The Fundamentals of a Strong Relationship
by Amie M. Gordon, Ph.D.
Good relationships aren’t optional, and they aren’t what we do after we take care of everything else. Good relationships can determine who lives and who dies: One meta-analysis found that social relationships were more predictive of warding off mortality than quitting smoking or exercising. But it wasn’t just the presence of other people that mattered, it was the presence of supportive others—toxic relationships may be worse than no relationship at all.
In uncertain times, relationships matter even more. When the world is chaotic , we turn to our partners for security and stability. In a clever series of studies, Sandra Murray of the University at Buffalo and her colleagues found that on days when Google searches for terms like “terrorism,” “recession,” “global warming,” “racism,” and “protest” were high in people’s zip codes, they were more likely to turn toward their closest relationships to satisfy their need for security, acceptance, and love. The world is certainly uncertain right now. A global pandemic, economic recession, and sociopolitical turmoil have been heaped onto all of our usual problems. But times of uncertainty can also represent opportunities for growth. Forced out of our usual routines, we can reassess and remember what is important. With global uncertainty, investing more in our relationships is a safe, practical, and healthy choice. We need love now, more than ever.
So how do we do it? First, we need to be open and honest with the people we care about. We need to share our thoughts and feelings with them. We need to ask for their support rather than always trying to go it alone. And we need to tell them what we appreciate about them.
Second, we need to be there for our partners. We need to listen and acknowledge what they are feeling. We need to provide support for them in both good times and in bad. We need to do it in ways that are helpful. And we need to allow ourselves to feel appreciated by them.
Third, we need to give each other a break. No one gets it right every time. We need to forgive the small grievances. We need to let it go when the other person makes a mistake. And we need to promise to learn from our own mistakes and try to do better next time.
To achieve this, we can start with a simple step: paying attention to each other again. Eminent relationship researchers John and Julie Gottman have tracked couples for decades, and one of their key findings is that partners make bids for each other’s attention. These bids can be small, like sharing an anecdote from the day or a gentle touch on the way past each other. Or they can be big, like asking for help solving a work problem or requesting a weekend away together. These bids go into an emotional savings account and add up to define a relationship’s bottom line. Are we reaching out to our partners throughout the day? Are we responding to their bids? Or have we stopped paying attention to each other? Couples who are thriving create and respond to these bids, and these small investments add up and help them overcome harder times. But couples who are struggling tend to ignore them.
A demanding world makes investing in our relationships—taking the time to talk and listen and to create and respond to bids—all the more difficult. Whether we are juggling work and family demands or stuck at home in the midst of a quarantine, stress, lack of sleep, and other outside forces can make it difficult to be the best partner we can be. We’re quicker to start a fight over an empty milk carton in the fridge or to see our partner’s late night at the desk as an insult.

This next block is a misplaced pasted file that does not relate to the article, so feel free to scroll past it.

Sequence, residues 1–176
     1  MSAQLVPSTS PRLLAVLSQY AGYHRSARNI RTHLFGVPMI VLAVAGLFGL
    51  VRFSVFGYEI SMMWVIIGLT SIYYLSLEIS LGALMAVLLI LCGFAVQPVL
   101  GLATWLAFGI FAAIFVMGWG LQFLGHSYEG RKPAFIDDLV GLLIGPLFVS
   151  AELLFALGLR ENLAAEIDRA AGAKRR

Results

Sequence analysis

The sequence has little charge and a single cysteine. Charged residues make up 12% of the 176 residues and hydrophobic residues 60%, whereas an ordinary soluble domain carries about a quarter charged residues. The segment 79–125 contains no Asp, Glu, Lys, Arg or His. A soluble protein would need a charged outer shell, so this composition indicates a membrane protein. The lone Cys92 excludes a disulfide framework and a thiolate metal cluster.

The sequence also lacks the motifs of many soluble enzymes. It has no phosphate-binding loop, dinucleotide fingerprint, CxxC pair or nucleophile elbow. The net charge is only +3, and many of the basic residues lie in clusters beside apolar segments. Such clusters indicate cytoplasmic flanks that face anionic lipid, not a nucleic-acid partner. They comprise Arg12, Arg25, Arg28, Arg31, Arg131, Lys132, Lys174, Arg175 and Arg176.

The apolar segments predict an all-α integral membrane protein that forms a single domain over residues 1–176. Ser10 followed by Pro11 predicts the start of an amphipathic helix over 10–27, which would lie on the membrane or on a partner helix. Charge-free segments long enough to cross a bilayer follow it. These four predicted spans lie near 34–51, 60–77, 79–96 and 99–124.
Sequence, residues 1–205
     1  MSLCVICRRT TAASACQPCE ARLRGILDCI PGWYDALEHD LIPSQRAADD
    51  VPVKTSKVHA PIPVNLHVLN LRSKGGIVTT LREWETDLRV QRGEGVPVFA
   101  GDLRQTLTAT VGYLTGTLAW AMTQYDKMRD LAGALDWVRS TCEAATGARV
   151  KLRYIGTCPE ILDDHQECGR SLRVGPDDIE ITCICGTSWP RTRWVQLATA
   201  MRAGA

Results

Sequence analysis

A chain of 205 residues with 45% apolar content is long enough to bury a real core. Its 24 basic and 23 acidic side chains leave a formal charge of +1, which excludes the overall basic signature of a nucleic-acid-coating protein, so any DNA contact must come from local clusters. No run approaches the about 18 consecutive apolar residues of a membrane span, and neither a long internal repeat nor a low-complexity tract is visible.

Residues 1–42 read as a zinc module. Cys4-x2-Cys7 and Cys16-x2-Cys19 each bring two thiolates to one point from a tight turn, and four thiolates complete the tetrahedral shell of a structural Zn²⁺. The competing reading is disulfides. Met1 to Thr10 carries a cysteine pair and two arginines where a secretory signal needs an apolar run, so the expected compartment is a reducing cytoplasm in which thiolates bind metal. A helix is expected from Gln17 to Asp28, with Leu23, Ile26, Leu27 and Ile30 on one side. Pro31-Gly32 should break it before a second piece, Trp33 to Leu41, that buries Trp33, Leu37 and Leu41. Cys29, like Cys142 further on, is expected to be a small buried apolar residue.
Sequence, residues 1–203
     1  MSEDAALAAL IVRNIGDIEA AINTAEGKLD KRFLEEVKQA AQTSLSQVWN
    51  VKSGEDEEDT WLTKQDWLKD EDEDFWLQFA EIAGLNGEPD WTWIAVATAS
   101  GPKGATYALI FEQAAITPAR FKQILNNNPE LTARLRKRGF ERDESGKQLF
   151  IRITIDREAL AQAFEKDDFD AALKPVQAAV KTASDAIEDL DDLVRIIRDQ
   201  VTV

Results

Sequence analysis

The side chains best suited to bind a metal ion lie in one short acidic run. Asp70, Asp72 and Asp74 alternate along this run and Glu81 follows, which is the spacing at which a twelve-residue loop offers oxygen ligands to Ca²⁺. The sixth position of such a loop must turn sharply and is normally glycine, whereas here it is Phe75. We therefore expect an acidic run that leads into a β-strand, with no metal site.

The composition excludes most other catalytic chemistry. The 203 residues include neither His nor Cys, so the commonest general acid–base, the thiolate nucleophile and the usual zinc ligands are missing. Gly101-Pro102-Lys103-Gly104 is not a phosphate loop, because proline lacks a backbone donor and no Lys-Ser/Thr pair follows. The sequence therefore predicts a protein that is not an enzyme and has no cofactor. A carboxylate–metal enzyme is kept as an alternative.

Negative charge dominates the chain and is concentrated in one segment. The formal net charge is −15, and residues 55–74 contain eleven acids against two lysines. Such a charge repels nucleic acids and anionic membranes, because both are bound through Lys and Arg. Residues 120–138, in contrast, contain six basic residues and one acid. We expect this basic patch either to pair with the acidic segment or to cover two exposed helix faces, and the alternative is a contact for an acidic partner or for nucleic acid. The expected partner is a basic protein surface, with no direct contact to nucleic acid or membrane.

Researchers haven’t figured out yet how to prevent outside forces from affecting relationships, but being aware of their presence, creating rules to minimize their influence, and giving each other the benefit of the doubt are helpful steps in the right direction. When I was a sleep-deprived new mother who kept starting late-night fights, I finally made a rule for myself not to bring up any contentious topics after dinner. Six years later, I still regret it any time I break that rule.
Many of us spent the spring at home with our families. My colleagues and I surveyed nearly 2,000 people to ask how sheltering in place had changed their relationships. Not surprisingly, couples reported that they’d become more irritated with each other. But many also reported that they were spending more quality time together and were, overall, more satisfied with their relationships: The busyness of everyday life had been somewhat stripped away, allowing them to truly be together again. People told us about exercising and cooking together and starting new hobbies. They were doing activities they hadn’t thought about before, or that they never felt they’d have time to try.
I’m curious to see how these couples are doing when we follow up with them this fall. Will they have made a lasting change to how they live their lives together? For better and worse, we adapt quickly to new situations. This means that even pandemic life soon becomes normal to us, but it also means we are likely to fall back into our old habits once life resumes its hectic pace. To fight this, we must make a new habit of paying attention. We can do this by asking ourselves each night: Did I pay attention today? Did I talk to my partner and say what I was thinking? Did I listen when my partner was talking? I urge us all to try it for a week and see what happens.
Amie M. Gordon, Ph.D., is a social psychologist at the University of Michigan who researches interpersonal relationships and well-being.